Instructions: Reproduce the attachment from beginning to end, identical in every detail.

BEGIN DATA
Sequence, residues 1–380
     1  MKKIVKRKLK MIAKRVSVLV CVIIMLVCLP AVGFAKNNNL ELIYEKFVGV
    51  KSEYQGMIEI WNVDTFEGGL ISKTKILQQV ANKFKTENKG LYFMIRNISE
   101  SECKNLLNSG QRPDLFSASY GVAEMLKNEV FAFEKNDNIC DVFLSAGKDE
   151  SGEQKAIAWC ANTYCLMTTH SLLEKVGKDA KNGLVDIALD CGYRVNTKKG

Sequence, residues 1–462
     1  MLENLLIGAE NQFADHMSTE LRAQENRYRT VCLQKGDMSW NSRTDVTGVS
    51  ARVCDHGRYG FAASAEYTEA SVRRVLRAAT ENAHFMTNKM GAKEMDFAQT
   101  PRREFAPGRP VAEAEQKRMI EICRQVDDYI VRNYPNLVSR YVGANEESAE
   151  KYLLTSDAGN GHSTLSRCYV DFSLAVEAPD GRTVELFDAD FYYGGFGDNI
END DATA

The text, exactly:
Sequence, residues 1–380
     1  MKKIVKRKLK MIAKRVSVLV CVIIMLVCLP AVGFAKNNNL ELIYEKFVGV
    51  KSEYQGMIEI WNVDTFEGGL ISKTKILQQV ANKFKTENKG LYFMIRNISE
   101  SECKNLLNSG QRPDLFSASY GVAEMLKNEV FAFEKNDNIC DVFLSAGKDE
   151  SGEQKAIAWC ANTYCLMTTH SLLEKVGKDA KNGLVDIALD CGYRVNTKKG

Sequence, residues 1–462
     1  MLENLLIGAE NQFADHMSTE LRAQENRYRT VCLQKGDMSW NSRTDVTGVS
    51  ARVCDHGRYG FAASAEYTEA SVRRVLRAAT ENAHFMTNKM GAKEMDFAQT
   101  PRREFAPGRP VAEAEQKRMI EICRQVDDYI VRNYPNLVSR YVGANEESAE
   151  KYLLTSDAGN GHSTLSRCYV DFSLAVEAPD GRTVELFDAD FYYGGFGDNI